I suspect that people are going to think that I don't even live in Morocco anymore with the amount of traveling that I've done in the past few weeks. But, I'm back now! Back and feeling extremely reflective on the past ten days that I spent traveling Spain and Portugal during the fall break. After the first four days with the IES Abroad program visiting Granada and Cordoba, the (what sometimes feels like a mammoth size) group of 28 dispersed into smaller cliques to do our independent travel. For my group, that meant Madrid, Porto, Barcelona, buses, planes, bikes . . . and hostels. Since I am new to the "young and poor, with the desire to travel" club, this is my first real experience with hostel culture. It's really a fascinating medium between a hotel and college dorm life. You sleep in bunk bed among other bunk beds, occupied by people who could be and usually are from all over the world each with their own unique story. Except . . . maybe not so unique all the time. We encountered many with a common underlying narrative:
Backpacking. This was a new and alien phenomenon for me. I mean, I understand it. You have a backpack and you travel. Sometimes with a plan, most times without . . . just with the dreamy sense that you will "discover" along the way.
We met a variety of the backpacker strain:
The militant liberal vegan
The wide eyed excitable egregious chick
The cool, calm, Australian (actually we came across this the most)
The ambiguous backpacker couple
The very unambiguous backpacker couple
The free and wild grunge girls
The intuitive and wizened single backpacker
Loner boys who read
Loner boys who don't read
The dreamy Americans with a lot of free time.
And then there was us, who weren't really backpackers but pretended to be as such for those 6 days.
This all goes to show that anyone and everyone is or can be a European backpacker, as long as you have suspended set of responsibilities, flexibility, all your physical capabilities, and obviously, money.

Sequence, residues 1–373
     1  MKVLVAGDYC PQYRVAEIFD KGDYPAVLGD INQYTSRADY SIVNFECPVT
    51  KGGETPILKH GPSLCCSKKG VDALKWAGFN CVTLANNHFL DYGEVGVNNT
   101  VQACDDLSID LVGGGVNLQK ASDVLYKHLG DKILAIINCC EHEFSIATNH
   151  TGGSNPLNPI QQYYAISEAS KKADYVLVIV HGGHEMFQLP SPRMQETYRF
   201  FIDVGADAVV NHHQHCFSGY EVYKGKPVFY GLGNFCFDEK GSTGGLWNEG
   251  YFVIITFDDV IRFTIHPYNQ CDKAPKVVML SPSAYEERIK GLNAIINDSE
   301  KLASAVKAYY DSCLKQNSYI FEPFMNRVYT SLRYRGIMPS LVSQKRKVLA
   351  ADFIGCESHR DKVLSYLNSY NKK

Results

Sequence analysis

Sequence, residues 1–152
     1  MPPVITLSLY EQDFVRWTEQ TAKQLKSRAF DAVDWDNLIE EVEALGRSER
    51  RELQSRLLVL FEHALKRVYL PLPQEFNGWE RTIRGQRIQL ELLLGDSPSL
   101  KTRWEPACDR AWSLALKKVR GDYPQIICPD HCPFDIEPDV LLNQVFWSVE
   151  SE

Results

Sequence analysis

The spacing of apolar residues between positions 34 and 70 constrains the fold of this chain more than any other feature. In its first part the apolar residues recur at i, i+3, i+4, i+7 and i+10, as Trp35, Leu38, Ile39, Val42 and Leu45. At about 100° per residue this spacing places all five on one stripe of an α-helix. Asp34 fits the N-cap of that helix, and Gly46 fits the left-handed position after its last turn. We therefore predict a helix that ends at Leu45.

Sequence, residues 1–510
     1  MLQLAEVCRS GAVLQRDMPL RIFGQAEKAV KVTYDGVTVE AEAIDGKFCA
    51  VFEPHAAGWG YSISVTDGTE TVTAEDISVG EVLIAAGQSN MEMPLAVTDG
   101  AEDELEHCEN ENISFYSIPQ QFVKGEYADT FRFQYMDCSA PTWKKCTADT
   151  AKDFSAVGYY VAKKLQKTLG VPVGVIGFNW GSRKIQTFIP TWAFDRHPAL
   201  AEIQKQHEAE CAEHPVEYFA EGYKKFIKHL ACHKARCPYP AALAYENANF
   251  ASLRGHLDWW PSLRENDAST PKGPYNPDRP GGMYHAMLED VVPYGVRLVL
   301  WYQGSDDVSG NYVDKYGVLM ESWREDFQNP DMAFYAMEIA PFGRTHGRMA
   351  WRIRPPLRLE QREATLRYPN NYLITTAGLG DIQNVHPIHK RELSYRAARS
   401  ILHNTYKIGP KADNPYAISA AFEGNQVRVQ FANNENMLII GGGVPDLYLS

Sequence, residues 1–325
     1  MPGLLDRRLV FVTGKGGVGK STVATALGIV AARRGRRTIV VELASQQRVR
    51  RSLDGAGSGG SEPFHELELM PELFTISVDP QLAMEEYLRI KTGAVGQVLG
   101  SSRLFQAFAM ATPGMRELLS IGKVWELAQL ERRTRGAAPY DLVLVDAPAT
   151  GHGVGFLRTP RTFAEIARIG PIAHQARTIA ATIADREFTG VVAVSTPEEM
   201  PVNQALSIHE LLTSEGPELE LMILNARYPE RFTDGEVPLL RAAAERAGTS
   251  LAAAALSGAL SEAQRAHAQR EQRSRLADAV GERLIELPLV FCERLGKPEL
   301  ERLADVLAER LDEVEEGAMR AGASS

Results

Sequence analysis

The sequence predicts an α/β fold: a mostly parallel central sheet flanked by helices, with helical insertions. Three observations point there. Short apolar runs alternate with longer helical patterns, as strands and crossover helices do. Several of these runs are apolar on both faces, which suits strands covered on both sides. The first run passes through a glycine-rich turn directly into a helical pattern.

And as we smiled, and chatted, and danced the dance of getting-to-know-you niceties I couldn't help but think, “It really is a privilege to backpack.” Maybe, it was because I knew my time in Europe was limited. Maybe, I was all too aware that I would be returning to mediocre Wi-Fi, to overcrowded streets, to overt gender inequality . . . I couldn't help but think how easy the backpacking life must be—especially in Europe, where the language may be different, but the environment is legibly compatible to your Western paradigm.
So when extremely excitable chick, turns to us to say " Whoa! Wait. That's so cool!! You're studying in Morocco??" Or, "I'm going to Marrakesh for a few days...I'm so excited to go to Africa!" I see the exotic mystic land of Morocco in her eyes and how I, by association, have become an exotic manifestation as well.
I immediately resent it.
Not because I don't think it's true. Morocco IS cool. It's really freaking cool. But, after two and half months, the mystification dissipates and Morocco has become my life. Everyday life in a study abroad program has given me a vastly different perspective than a few weeks hitchhiking would.
When you go party in Marrakesh for a few days, perhaps even a week, or ski in Ifrane, or walk through the medina in Rabat once, what are you really seeing? Africa? The mystic East? You fill your bag with leather treasures and painted pottery and take a picture in the desert, captioned "lost in the dunes" ...is that all there is to Morocco?
I know it sounds like I am debasing backpacking, and that is not my intention.
There is merit in backpacking. The world is big, and our lives are short; we can’t experience every place deeply. Morocco IS cool, but it's also a bustling, burgeoning country with growing pains, and it deserves to be more than the exotified, commercialized perception of itself.
So, it was cool to be a pseudo backpacker in the Iberian Peninsula and it was cool to meet several others who are so well traveled and have been backpacking through the world for longer periods of time, but I'm happy to return to my program in Rabat.
My time here is hard sometimes. I am being molded and changed more than I expected, but this is the way I prefer to travel.
“....Yes, I study in Morocco and it's anything and everything deeper than cool.”
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<p>I am Junior studying in the School of Foreign Service at Georgetown University. As a feminist by thought and a hipster at heart, I seek every opportunity to break the barriers, disprove the labels, and blur the lines.</p>